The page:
Californium • Actinide Rare Earth
Date of discovery: 1950
Name origin: California
Discoverer: G.T. Seaborg
Obtained from: man-made
Melting point: 900 K
Boiling point: unknown
Molar volume: 16.50 × 10-6 m3/mol
Shell structure: 2,8,18,32,28,8,2
Electron configuration: [Rn]5f107s2
Oxidation state: +3
Crystal structure: unknown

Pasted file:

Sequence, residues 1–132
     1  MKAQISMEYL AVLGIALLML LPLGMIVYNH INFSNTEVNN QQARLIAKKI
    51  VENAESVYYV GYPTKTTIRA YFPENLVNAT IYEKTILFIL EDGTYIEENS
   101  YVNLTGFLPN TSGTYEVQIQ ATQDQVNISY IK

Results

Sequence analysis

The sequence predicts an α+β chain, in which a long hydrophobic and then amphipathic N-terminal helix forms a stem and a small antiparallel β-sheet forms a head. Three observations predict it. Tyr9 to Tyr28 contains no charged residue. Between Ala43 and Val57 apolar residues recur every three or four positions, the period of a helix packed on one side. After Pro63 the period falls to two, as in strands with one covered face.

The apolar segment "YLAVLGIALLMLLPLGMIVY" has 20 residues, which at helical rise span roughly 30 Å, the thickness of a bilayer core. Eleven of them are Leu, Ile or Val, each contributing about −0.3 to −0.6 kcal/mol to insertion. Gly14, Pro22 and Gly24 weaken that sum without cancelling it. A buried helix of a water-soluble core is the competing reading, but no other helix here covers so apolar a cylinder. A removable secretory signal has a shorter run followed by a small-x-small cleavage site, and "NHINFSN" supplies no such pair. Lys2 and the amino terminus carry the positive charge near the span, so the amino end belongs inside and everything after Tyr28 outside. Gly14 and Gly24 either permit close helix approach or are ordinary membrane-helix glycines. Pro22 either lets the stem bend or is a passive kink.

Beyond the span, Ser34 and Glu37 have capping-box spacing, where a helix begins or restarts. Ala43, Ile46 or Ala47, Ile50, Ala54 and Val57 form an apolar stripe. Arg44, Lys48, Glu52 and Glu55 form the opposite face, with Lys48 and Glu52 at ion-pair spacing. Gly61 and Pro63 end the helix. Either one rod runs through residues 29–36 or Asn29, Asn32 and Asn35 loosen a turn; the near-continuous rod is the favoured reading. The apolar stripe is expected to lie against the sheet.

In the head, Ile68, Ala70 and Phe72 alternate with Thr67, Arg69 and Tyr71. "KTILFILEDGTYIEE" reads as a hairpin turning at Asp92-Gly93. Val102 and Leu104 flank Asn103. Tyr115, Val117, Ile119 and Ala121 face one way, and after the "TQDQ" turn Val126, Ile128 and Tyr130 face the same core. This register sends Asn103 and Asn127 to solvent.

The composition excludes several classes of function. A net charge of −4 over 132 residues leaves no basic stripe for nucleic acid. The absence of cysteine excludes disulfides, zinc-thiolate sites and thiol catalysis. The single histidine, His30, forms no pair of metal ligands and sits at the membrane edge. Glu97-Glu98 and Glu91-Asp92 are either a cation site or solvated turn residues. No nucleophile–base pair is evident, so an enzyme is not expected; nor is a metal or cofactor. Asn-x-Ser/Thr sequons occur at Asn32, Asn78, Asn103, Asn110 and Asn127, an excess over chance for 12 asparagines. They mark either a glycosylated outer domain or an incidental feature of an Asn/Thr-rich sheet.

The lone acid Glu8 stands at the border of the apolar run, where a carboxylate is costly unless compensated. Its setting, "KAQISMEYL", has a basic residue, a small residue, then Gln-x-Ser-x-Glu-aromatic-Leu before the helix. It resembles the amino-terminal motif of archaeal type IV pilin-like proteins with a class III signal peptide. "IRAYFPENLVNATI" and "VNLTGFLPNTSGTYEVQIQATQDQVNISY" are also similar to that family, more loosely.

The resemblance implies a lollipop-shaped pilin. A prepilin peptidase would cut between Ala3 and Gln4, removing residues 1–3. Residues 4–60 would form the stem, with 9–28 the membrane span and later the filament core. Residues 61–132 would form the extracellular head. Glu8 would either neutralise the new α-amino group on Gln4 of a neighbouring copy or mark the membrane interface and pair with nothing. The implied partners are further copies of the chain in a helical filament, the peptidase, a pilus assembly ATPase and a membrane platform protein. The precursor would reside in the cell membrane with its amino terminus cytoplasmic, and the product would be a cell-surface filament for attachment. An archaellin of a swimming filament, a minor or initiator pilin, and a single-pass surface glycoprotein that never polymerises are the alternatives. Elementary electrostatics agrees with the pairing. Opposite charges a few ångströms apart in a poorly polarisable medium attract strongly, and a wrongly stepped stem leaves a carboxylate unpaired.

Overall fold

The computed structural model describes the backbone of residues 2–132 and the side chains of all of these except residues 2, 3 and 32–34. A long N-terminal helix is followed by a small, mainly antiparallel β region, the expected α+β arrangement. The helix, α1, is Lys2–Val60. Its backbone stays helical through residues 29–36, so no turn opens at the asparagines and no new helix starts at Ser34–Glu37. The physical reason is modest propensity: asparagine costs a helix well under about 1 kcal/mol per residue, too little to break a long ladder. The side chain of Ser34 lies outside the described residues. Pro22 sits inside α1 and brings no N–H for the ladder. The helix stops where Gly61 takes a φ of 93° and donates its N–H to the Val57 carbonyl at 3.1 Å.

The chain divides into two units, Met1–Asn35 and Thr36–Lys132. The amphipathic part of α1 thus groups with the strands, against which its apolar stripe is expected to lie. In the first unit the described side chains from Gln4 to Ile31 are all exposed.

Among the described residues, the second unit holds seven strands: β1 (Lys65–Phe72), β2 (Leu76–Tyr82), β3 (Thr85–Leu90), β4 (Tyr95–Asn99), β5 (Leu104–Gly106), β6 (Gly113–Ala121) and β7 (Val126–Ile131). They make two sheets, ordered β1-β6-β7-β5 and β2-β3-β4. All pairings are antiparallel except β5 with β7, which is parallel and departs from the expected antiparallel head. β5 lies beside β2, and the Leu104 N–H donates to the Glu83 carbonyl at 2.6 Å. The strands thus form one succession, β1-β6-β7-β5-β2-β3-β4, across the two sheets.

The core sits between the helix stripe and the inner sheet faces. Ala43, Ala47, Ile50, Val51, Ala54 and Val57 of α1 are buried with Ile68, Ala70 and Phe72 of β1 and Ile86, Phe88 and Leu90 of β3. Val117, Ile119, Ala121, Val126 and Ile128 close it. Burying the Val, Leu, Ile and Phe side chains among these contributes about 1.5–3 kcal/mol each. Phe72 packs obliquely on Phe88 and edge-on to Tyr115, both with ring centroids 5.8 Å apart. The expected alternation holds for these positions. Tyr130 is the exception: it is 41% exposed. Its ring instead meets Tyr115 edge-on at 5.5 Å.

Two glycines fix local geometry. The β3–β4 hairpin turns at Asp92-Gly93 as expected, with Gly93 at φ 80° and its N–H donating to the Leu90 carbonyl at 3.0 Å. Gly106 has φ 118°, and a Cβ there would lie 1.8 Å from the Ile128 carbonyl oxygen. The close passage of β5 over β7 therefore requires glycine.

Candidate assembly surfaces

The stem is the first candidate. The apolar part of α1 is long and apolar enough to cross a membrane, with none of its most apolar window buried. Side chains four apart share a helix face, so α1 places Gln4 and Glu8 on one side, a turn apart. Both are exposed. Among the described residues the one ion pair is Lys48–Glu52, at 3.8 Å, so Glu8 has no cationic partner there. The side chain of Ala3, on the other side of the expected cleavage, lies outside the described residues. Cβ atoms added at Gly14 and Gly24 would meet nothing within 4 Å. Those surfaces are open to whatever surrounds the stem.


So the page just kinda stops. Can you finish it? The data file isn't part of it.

Although californium does not occur naturally on Earth, its electromagnetic emissions are regularly observed in the spectra of supernovae. Difficult to produce on a large scale, californium has been used in radiography of aircraft materials to detect metal fatigue. It has also been used in the treatment of certain cervical and brain cancers where other radiation therapy is ineffective. This man-made element is named after the state of California and the University of California, Berkeley, where it was discovered. Recently, it was announced that californium had been bombarded with calcium ions to produce oganesson (atomic number 118).
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